Tuesday, September 25, 2007

Believe it or not, I was downgraded

Yesterday I posted about how despite the fact that I was merely a dancing prisoner, I was still going to give Kiss of the Spider Woman ("KSW") my all, and say my ten or so lines with all the conviction and ability God gave me when he knit me together in my mother's womb and said to me, "smc, thou shall be an attorney. Or a famous actress."

And then yesterday we had the read-through. And due to some of my very important dancing-prisoner responsibilities, I was no longer allowed to play the double that I was told by the Director that I would get to play. But no matter, there was still the prisoner song, and the doubles as orderlies and servants, and I had two or three prisoner-type things to say, right?

Wrong. It was announced that since there wouldn't be female prisoners in a 1970s Latin American jail for men, those of us cast as female prisoners would have no speaking lines. And probably not sing the prisoner song, although they hadn't decided for sure. And the doubles for the orderlies would probably be actual men, too. And I have to admit, dear reader, I felt even more disappointed. And confused.

Why confused, you ask? Because I don't understand why they cast me. I mean, I'm a decent dancer. I learn the steps and execute them properly, and with some attitude. But I am by no means so great a dancer that the choreographer stamped her foot and insisted I be cast as a non-speaking, non-singing dancing prisoner or she was walking out. Trust me. My abilities are in acting, not dancing. Which leads me to think there are other reasons I was cast in this part:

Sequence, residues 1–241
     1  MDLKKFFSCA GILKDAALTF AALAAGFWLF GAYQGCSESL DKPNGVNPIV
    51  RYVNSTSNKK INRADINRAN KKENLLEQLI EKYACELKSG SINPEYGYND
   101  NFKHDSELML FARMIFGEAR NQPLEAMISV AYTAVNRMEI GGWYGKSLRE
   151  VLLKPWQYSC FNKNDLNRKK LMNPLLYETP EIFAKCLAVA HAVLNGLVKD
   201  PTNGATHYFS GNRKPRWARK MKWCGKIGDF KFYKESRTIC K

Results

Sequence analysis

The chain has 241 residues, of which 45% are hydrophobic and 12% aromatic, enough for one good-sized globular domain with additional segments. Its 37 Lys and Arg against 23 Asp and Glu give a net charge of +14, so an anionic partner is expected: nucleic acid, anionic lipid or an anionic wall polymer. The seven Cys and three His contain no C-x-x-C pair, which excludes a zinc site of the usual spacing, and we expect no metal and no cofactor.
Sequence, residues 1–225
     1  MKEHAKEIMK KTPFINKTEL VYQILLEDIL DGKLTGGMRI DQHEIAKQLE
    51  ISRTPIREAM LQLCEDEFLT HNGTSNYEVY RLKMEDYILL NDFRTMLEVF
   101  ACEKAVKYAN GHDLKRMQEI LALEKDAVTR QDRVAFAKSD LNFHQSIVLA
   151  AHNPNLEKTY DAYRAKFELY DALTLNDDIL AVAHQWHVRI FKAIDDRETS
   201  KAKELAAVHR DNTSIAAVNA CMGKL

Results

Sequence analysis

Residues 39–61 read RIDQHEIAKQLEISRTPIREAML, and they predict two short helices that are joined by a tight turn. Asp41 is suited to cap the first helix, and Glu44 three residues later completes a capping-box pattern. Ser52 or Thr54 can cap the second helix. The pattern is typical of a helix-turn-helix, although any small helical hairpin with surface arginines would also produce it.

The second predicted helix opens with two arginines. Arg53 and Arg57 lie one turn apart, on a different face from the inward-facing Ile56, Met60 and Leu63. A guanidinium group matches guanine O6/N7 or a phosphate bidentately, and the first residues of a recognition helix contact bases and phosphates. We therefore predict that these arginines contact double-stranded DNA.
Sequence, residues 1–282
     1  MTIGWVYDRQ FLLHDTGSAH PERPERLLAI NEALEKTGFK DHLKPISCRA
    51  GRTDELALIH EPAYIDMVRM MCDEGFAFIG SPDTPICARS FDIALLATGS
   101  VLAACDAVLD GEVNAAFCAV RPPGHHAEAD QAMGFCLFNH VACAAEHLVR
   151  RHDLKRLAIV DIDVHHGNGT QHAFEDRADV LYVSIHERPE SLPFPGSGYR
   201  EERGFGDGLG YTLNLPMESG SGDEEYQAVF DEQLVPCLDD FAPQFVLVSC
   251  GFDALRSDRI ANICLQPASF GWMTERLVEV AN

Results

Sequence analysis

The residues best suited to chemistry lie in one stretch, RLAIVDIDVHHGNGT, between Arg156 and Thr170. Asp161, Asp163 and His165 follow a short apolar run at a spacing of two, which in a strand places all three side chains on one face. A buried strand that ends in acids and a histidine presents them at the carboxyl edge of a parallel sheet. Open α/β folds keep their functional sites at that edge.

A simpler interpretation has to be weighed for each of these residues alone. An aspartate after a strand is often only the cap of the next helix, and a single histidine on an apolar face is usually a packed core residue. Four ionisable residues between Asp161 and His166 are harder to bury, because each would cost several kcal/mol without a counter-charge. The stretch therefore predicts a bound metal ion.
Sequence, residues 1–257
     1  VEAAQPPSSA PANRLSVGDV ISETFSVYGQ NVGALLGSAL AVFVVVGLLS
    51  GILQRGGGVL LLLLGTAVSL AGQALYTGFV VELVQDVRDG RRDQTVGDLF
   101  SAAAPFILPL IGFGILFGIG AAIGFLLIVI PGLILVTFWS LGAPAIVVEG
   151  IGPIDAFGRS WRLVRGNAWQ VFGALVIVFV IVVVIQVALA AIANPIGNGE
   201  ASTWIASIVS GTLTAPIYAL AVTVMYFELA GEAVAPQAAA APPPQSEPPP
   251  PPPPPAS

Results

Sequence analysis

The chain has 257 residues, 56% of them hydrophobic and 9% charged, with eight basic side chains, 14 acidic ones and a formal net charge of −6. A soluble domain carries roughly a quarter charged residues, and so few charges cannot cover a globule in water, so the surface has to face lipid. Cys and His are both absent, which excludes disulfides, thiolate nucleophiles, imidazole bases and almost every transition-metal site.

1) The choreographer is a woman who will dance in the show, and they couldn't have her being the only (female) male prisoner, that might look weird. So they needed more (female) male prisoners to dance with her. So they cast two more, me and another woman who is as equally confused at her casting as I am.
2) I have become friendly with the creative team who is producing the musical, so even though I did not have a strong enough voice to play an actual female, they gave me the part of silent, dancing prisoner as a friendly gesture.
3) I am directing the Spring Parody, and the creative team was terrified that I would retaliate by giving them horrible parts in the Parody if they did not cast me in the musical. This is of course ridiculous to anyone who knows me, but perhaps an otherwise valid fear in the dog-eat-dog world of law school drama societies.

That's all I got. I guess what really frustrates me is that before auditions, I asked if there were any good non-soloist roles to play, and I was told that the Warden and prison guards were great roles that didn't sing. But if they didn't intend to have females speak as men, why did they say that role was open to me? Why didn't they just say, "No, we picked a musical that only has three female roles. If you aren't one of those three, you won't have any speaking lines." And assuming they decided after auditions to limit all speaking roles to men, why didn't they just cast men? I'm sure there were two other men who auditioned for this musical and could be trusted to say "I hope my girl is still waiting for me" while doing a box step.

Oh, I am trying to stay enthused. I am trying to remind myself that some people were not cast at all, and I should be thrilled that they wanted me to be a part of this musical so badly that they cast me in a completely mismatched role for my talents. And then told me not to say anything. And I am not saying that this role is beneath me, or I deserved to be cast as a leading female. Not at all. I'm saying I'm disappointed. And I don't know why they cast me for a role they won't let me fully play.


E said...

I say you throw a little improv in there to liven things up. Feel free to say whatever comes to mind, whenever you happen to be on stage. That includes other people's lines, if you can say them first. What are they going to do, tape your mouth shut? I don't think that's historically accurate. Who picked this stupid play anyway? It's depressing. I had higher hopes for something named Kiss of the Spider Woman.

Melanie said...

Haha, I'm with Beth on this one. Remember in our musical when Sam made up all sorts of good lines, even though he had no speaking parts? "Join the Navy they said! See the world they said!" and "I once showed a girl my dingy." Just to name a few... he stole the show (well, maybe not because there were three pretty incredible female leads, if I do say so myself).